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Home | Interviews | Interview: Alison Locke (The Apology)

Interview: Alison Locke (The Apology)







Alison- Hi Janel, my mom’s name is Janel

Hi Alison, Oh, that’s awesome.

I loved this movie The Apology. The story, the characters, the descriptions. It’s just this heartbreaking yet bad ass, ass kicking movie.

Alison- Thank you so much.

How did this manifest for you? Was it from a personal experience?

Alison- It’s satisfying to hear how many journalists are getting how personal that film is, even in just sort of an instinctual level. It really is, it is luckily not personal where I have a missing child. I was always fascinated with True Crime stories, and I felt so much for these families and also, they became some of my heroes. These mothers that would keep fighting for their kids. I related to them because my daughter is Autistic and fighting for her every day, for years is exhausting and it can borderline on obsession for me. So, seeing these women and men too approach these awful things with such grace and tenacity. It was living in my subconscious, and then I had a dream about the knock at the front door. I woke up and started to write about it. I just want to know that I’ve done everything for my kid. I wanted to be respectful.

What was it like preparing the cast for such heavy material? This cast was amazing. Anna Gunn, Linus Roache, and Janeane Garolfolo were incredible.

Alison- A lot of what Linus Roache and I talked about was my mission for the movie. Part of my fascination was, how could you do it? I never want to other somebody as a person or as a writer. There was always a part of me that sort of felt defensive of him, which is sort of twisted but it’s also your duty. We were both really curious. He’s not a well man but how do you get to that point? I kept having conversations with my cast. It was better to work individually with them. I wanted to be open to their ideas.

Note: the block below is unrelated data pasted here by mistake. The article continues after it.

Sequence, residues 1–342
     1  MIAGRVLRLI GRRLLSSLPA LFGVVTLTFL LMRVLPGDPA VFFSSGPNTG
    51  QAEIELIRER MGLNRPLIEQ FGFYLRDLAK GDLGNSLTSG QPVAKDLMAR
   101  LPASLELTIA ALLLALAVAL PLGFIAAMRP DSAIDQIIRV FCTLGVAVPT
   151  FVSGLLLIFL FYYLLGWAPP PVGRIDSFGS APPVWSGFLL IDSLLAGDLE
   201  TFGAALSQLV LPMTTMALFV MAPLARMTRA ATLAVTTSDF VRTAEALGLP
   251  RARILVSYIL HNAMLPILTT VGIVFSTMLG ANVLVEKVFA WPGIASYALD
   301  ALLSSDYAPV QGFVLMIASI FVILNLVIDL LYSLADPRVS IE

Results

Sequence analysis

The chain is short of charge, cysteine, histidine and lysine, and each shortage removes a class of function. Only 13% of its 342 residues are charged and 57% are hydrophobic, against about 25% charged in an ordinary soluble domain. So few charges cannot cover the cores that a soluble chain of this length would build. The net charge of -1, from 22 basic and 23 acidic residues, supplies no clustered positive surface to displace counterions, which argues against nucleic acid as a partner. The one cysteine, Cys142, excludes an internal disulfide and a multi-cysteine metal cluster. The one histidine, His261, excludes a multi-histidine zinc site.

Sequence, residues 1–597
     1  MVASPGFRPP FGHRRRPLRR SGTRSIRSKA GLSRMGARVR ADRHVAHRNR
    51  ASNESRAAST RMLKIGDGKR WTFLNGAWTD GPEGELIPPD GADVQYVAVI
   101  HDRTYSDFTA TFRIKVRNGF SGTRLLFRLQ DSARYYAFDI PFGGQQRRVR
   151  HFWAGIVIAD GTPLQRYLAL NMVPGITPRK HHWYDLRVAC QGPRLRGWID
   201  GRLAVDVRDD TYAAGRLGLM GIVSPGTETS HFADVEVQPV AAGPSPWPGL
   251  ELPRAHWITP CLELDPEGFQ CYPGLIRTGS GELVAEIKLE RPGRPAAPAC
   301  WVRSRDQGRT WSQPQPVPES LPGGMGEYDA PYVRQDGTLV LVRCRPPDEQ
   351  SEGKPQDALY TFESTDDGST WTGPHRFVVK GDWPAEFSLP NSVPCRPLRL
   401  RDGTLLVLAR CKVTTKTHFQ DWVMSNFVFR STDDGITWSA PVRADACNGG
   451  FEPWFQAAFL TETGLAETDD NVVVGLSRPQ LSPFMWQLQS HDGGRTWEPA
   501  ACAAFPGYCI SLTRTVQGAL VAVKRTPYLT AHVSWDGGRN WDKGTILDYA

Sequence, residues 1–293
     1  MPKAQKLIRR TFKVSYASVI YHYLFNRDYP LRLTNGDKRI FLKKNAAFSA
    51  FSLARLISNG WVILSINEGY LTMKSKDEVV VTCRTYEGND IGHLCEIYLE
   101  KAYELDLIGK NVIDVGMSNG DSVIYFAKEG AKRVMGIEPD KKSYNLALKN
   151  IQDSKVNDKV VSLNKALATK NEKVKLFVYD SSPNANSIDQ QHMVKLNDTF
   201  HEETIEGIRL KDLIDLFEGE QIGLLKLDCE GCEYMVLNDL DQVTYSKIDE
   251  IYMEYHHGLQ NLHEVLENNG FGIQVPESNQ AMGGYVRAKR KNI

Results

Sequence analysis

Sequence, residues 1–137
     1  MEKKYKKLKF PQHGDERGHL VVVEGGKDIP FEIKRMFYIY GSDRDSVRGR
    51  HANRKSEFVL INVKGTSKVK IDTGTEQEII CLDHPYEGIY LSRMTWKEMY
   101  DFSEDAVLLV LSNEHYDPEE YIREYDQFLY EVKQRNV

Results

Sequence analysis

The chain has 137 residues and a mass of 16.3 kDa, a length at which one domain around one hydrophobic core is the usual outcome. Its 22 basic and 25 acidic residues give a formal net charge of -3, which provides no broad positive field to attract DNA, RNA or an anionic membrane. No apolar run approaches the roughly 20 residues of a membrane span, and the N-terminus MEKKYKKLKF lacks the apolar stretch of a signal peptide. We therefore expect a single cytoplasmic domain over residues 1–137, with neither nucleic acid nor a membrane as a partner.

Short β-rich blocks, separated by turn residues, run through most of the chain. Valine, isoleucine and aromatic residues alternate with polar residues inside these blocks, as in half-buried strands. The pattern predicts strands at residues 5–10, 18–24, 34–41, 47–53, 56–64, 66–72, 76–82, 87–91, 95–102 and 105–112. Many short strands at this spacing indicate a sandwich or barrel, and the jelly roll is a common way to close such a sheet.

I had a situation in my life that involved a kidnapping and this movie took me back to being in that fight or flight with PTSD. You truly went into this amazing psychological aspect and the fact that Darlene fought. She had a voice and I want to say thank you for that. My mom till this day says the not knowing what would have happened if she didn’t fight, she said it was horrific.

Alison- Oh, thank you. I’m so glad. That was a big driving force for me, and as women were taught to be so polite at all costs. That they know better than us, and that’s not true. There is so much violence against women, both physical and emotional. We have to be such fighters in our lives. I think mothers have to be fighters, and you have to honor that, especially being my daughter’s mom. I feel like I have to be her champion. I wanted that feeling of, she is leaving nothing to chance.

How did you find the location? The location was wild. And… what are you working on next?

Alison- Sure, the idea of being a stay-at-home mom is a very isolating experience, and being a special needs mom is another layer of isolation. It was important for me, and not just for the conventions of the genre to have her be isolated but also to represent that feeling that Darlene must have felt. She has different concerns, and she sees what the world can give you. It’s a different thing for the mom. We also shot a gorgeous house in Los Angeles. Going forward I want to make more and more movies from my unique female perspective. I would like to make a slasher/comedy, a haunted house film. I want to lead with compassion.

That sounds amazing. I’m so excited to see more of your films.

Alison- Thank you so much and thank you for sharing such a personal experience with me. That means a lot to filmmakers.

Thank you so much, Alison. You rock.

Alison- Thank you.

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